By Zack Fields
Water adds a whole other level of complexity to kids’ exploration, but the joy of marine wildlife, fish and beaches can be incomparable. Taking kids out on the water requires a little more creativity than just going for a hike, but there are almost limitless destinations near Anchorage that are practical for families to explore. Here are a few ways to get started.
Go fishing on your local lake or creek. Kids love the excitement of catching fish. Follow the ADF&G stocking report, and call the sport fish office (267-2218) to ask for tips about where and how to fish at any given time during the spring and summer. Many local fishing destinations like Westchester Lagoon, Cheney Lake, Jewel Lake, or Delong Lake are accessible walking or biking from nearby neighborhoods. Others like Beach Lake in Chugiak are a short drive, but often have outstanding sport fishing with pristine views. If you like to get out on the water with kids, it can be worth buying a canoe, which also makes kid-friendly camping excursions possible at the Nancy and Swan Lakes systems. Canoes also help access prime fishing habitat in our urban lakes. Many people catch fish casting from shore, and some lakes like DeLong have nice docks that reach out into the water for better access, but a canoe gives you access to deeper water with more fish.
Take a boat taxi to Resurrection or Katchemak Bay. The best way to see wildlife is on the water, and it is an incomparable experience to show your kids the wonder of whales breaching, sea lions churning the waters in search of salmon, and otters leisurely eating while floating on their backs. Prince William Sound’s boat taxis from Whittier are outrageously expensive, but Seward and Kachemak Bay have affordable options to beaches with great camping and hiking. A couple top choices include North Beach/Caines Head in Resurrection Bay, and beaches near Grewingk Glacier in Kachemak. Young kids love to play in the rocks and sand, and both areas have outstanding options for short hikes. North Beach at Caines Head can be very busy in the summer, but South Beach has far fewer visitors. Both North and South Beaches are a short hike away from Fort McGilvray, an installation designed to defend Seward from attack in World War II. Grewingk Glacier presents a tough choice: Camp at the beach at Kachemak or hike the easy three miles and camp on the lake with panoramic views of the glacier? Either location has outstanding camping and scenery.
Get out on a local river: The most kid-friendly river floats are the easiest, and therefore less well known among active outdoors people. Eagle River above Briggs Bridge (the Eagle River Loop Road crossing) is flat water, though it is somewhat fast moving with sweepers along the banks. To packraft Eagle River with kids, walk down from the trailhead that accesses Barbara Falls on Eagle River’s South Fork, putting in on Eagle River at the confluence with South Fork. With a car shuttle to the Barbara Falls trailhead, it’s an easy walk downhill, mostly on wide multi-use trails. The trail crosses South Fork twice, first at a bridge and second at a shallow ford that is safe and easy to carry kids across when the water is low. Alternatively, put in at the road-side put in off Eagle River Road, but be prepared for a roughly three hour float with breaks and naps as necessary. Other options to consider including flatwater portions of the Little Su in the Valley, or Portage Creek south of Anchorage.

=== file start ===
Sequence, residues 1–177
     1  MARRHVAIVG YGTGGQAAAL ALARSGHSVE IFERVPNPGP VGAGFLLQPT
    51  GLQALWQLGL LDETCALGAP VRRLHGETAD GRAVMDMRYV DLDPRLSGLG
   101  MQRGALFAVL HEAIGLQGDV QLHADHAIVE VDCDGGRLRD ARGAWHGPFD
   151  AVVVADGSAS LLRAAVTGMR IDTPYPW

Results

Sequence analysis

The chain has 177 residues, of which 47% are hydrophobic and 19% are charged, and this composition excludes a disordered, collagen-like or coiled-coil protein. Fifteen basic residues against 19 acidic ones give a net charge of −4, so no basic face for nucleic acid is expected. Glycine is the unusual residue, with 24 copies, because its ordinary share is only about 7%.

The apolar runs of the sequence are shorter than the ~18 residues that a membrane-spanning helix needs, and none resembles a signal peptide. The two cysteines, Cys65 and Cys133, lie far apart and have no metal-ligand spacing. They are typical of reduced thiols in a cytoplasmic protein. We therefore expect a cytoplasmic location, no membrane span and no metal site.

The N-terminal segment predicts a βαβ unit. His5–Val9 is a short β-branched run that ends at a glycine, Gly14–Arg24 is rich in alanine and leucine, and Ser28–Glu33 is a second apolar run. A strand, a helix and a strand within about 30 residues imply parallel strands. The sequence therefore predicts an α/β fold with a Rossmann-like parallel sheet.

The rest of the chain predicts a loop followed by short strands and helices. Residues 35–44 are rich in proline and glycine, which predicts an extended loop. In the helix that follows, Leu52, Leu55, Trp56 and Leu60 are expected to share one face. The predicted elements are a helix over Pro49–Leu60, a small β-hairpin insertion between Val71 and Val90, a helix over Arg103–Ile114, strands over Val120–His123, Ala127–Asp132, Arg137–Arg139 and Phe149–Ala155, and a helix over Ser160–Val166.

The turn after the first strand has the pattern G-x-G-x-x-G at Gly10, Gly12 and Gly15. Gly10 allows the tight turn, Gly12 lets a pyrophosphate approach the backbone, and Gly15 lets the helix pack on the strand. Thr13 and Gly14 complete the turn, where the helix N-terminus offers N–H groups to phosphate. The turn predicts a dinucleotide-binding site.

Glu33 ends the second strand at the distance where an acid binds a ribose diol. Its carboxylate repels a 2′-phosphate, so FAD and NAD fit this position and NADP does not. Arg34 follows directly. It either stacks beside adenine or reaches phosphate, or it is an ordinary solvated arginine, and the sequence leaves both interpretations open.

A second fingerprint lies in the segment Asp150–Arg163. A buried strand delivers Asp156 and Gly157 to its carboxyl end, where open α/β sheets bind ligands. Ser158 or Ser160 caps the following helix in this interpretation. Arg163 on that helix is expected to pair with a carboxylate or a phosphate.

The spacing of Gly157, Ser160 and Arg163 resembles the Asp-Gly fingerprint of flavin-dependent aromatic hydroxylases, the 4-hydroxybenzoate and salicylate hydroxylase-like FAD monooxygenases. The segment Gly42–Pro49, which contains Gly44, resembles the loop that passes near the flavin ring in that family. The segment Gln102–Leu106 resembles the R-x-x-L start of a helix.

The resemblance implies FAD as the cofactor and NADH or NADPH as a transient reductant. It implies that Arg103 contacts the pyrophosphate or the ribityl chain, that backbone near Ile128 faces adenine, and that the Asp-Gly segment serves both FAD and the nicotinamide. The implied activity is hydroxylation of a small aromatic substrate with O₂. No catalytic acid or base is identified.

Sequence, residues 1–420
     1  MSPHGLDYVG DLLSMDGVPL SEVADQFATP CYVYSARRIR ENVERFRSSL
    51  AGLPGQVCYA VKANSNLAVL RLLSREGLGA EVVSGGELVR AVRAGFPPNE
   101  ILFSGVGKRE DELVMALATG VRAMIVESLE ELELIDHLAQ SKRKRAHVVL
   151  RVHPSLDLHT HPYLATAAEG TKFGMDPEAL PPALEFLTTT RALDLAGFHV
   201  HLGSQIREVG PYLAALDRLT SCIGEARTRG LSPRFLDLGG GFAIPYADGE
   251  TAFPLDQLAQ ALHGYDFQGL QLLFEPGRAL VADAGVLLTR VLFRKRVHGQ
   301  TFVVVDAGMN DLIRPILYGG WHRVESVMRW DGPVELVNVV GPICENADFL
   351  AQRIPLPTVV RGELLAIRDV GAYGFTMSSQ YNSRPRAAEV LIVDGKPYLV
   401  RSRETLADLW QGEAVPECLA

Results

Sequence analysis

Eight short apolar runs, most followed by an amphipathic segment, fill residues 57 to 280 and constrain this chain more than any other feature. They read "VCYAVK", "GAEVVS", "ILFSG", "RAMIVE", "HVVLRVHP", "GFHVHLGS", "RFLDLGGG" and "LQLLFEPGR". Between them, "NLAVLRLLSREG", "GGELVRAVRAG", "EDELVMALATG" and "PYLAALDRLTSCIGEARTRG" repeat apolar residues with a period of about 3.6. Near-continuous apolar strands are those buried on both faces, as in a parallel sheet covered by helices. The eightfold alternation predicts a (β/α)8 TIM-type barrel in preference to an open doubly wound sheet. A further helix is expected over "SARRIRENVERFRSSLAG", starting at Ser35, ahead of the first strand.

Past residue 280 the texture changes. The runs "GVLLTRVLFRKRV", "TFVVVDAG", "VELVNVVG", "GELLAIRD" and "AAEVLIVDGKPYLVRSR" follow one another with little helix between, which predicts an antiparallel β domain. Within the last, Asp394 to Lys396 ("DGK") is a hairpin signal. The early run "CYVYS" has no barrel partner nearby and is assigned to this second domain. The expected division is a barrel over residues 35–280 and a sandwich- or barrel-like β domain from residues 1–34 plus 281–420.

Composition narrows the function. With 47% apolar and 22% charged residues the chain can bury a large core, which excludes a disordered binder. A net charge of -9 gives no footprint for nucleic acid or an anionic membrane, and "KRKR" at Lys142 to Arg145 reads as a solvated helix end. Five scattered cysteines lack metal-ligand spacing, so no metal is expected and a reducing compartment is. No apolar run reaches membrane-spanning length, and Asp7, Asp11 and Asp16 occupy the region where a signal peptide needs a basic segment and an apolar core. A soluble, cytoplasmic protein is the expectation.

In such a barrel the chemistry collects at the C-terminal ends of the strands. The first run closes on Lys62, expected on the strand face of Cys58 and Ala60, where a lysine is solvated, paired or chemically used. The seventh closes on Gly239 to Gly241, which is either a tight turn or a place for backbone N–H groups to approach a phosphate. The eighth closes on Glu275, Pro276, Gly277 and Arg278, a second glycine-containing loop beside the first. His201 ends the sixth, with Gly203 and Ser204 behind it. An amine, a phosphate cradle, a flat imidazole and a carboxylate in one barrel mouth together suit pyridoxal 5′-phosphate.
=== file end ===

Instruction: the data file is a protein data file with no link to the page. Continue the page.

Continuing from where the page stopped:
The Municipality of Anchorage does a great job stocking kids’ life jackets at many local lakes, but it’s worth buying a correctly sized PFD. There are different models for kids under thirty pounds, thirty to fifty pounds, and above fifty pounds. The right sizes make a big difference in childrens’ comfort, and it’s important that the PFD fits correctly so it doesn’t fall off. If you’re out on the river or at a beach drop-off, clearly it’s necessary to have a dry bag with spare clothes, hand warmers, and fire starter to warm up kids who fall or run into the water on a cool day. Otherwise, dressing kids in the Tuffo rainsuit with rubber or neoprene boots, and synthetic or wool layers underneath, prepares them to play and get damp without getting too cold.
Water brings the majesty of creation right up to children, whether it’s a fish on the end of their line or a porpoise leaping from the water in front of them. There are many more places than you might guess to give them this joy of discovery, either at a local lake, nearby river, or an ocean beach that’s a short drive from Anchorage.